War of the Rebellion: Serial 106 Page 1089 Chapter LXII. CORRESPONDENCE - UNION AND CONFEDERATE.

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the exportation of arms, &c., was as you know, revoked by his order of September 4, 1863, in so far as to allow arms to be re-exported to the place of original shipment. And such re-exportation was placed upon precisely the same grounds and made subject to the same laws with other articles of export. I am advised that the captain of the ---- is ready and willing to comply and has offered to comply with all the laws and regulations of the United States regulating such cases, and to make the proper affidavit to entitle him to clear his vessel for the port of Hamburg. He asks no special privileges at your hands; he does not require any dereliction of duty on your part; he is willing that you should exact from him all that the law contemplates, and having done this your duty is at an end. What right have you to require more? You are not to make the law. When the laws and orders of the Government which entitle a vessel to her clearance are fully complied with, what right have you to withhold such a clearance? When the proper officer of a registered American vessel sailing under the American flag offers to make the necessary affidavits to entitle him to clear his vessel for any port of any nation with which we are at peace, what right have you to refuse to hear him? The laws give to the captain and owners of a vessel rights as sacred as any given to the collector of the port. It is their right to demand a clearance upon complying with those laws and the orders of the Government. This they are ready and willing to do. They seek to evade no law or order of the Government, and they demand, not as a favor, but as a legal right, that they be allowed to be allowed to comply with such laws and orderse, and that upon such compliance a clearance be granted them in accordance with their request. But I am told you suspect that it is their intention to take these arms to Mexico, and therefore you will not allow the vessel to clear for Hamburg. Are you not in this matter going beyond the strict line of your duty? When you have seen that parties have complied with all the requirements of the law, is not your duty fully discharged? The law has determined the manner in which you shall get at the intention of the party navigating a vessel, and you cannot go beyond it. In the nature of things you can have no certain proof a mther than from himself and the law has provided the way in which that shall be expressed under the solemnities of an oath. Having taken that oath, you will not be allowed to presume that the party who has so sworn intends to commit a perjury. Perjury is a grave crime, and is never to be presumed against any man under any circumstances.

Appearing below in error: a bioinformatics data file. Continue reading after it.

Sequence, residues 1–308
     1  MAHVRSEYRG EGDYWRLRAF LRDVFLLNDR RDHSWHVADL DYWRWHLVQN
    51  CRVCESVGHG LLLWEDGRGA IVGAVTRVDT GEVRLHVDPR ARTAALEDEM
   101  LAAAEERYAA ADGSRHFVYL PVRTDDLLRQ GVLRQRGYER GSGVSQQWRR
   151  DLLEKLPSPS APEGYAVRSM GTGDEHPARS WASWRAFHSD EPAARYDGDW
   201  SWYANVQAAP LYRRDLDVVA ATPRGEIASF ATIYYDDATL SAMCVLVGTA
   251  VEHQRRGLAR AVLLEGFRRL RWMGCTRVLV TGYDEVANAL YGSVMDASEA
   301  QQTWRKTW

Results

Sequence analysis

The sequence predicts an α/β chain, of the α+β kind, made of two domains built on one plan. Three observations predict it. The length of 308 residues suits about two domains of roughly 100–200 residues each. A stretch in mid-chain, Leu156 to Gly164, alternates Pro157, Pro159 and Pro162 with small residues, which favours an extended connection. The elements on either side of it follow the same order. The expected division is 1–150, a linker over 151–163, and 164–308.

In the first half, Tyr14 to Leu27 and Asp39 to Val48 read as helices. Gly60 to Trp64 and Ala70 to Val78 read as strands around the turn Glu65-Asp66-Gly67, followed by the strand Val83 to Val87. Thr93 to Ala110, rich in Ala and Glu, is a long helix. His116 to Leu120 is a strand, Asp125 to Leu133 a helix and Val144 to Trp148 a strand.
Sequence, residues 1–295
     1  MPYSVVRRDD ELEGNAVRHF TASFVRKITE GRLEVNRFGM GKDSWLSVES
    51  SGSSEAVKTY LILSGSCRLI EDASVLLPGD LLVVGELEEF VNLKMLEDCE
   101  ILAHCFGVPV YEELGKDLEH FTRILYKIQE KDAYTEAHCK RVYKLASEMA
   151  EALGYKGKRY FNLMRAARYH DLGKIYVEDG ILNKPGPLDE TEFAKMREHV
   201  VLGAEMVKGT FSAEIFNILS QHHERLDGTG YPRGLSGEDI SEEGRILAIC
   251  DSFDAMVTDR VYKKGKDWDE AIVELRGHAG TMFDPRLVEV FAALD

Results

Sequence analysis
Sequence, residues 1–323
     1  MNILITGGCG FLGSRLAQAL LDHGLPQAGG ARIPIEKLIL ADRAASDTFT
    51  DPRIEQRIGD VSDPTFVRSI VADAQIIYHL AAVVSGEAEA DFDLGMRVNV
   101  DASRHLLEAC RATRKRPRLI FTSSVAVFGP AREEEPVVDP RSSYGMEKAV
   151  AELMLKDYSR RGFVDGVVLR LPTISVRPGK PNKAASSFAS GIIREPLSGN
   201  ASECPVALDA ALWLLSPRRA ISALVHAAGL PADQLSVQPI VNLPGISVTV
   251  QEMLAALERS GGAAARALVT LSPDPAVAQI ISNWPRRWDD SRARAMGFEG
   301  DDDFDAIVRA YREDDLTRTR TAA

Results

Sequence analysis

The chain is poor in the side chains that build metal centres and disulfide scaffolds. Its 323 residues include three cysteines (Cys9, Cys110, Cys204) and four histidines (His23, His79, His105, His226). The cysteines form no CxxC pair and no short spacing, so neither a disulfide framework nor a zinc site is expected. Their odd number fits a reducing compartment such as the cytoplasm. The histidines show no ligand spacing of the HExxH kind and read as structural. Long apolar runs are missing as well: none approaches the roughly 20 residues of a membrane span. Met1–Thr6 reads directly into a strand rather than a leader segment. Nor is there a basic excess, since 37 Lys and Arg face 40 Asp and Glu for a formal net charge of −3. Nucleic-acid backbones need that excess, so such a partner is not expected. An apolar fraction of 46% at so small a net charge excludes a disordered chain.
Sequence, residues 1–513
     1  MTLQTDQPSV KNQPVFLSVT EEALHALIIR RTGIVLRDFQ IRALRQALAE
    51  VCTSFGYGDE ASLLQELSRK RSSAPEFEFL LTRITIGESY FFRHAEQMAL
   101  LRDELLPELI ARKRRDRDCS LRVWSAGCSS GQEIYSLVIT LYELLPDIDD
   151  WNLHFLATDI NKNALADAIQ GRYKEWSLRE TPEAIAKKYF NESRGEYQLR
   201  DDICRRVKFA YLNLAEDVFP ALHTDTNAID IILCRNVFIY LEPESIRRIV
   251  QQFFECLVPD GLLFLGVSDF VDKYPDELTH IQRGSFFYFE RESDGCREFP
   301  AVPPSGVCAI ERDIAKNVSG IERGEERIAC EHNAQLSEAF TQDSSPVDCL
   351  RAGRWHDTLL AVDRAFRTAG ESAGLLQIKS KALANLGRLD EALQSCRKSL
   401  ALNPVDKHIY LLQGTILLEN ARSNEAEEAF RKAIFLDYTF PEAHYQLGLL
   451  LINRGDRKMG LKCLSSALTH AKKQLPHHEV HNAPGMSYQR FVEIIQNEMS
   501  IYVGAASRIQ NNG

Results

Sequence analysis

I may last week have intended to take my vessel to Hong Kong, but to-day I determine to clear her for Hamburg, and I make the necessary affidavits for that purpose. Have you any right to refuse to receive my affidavit, or to presume that I am about to perjure myself, because I had formerly announced my intention of going to Hong Kong? When you have taken my affidavit your duty is done. You have complied with the law; I have complied with the law also in so far, and you have no right to presume that I will not do so to the end. You say you intend to be careful not to offed France by allowing, by any possibility arms, to be shipped to any country with which she is at war. I submit that, if even these arms were intended for Mexico, France would have no occasion for offense. She is not at war with Mexico and any discrimination in her favor would be on your part a work of supererogation. I understand, also, that you think possibly this second order applies only to arms imported before its date. In this opinion, if you entertain it, I am sure you are wrong. The first order, dated November 21, 1862, reads, "No arms shall be exported from the United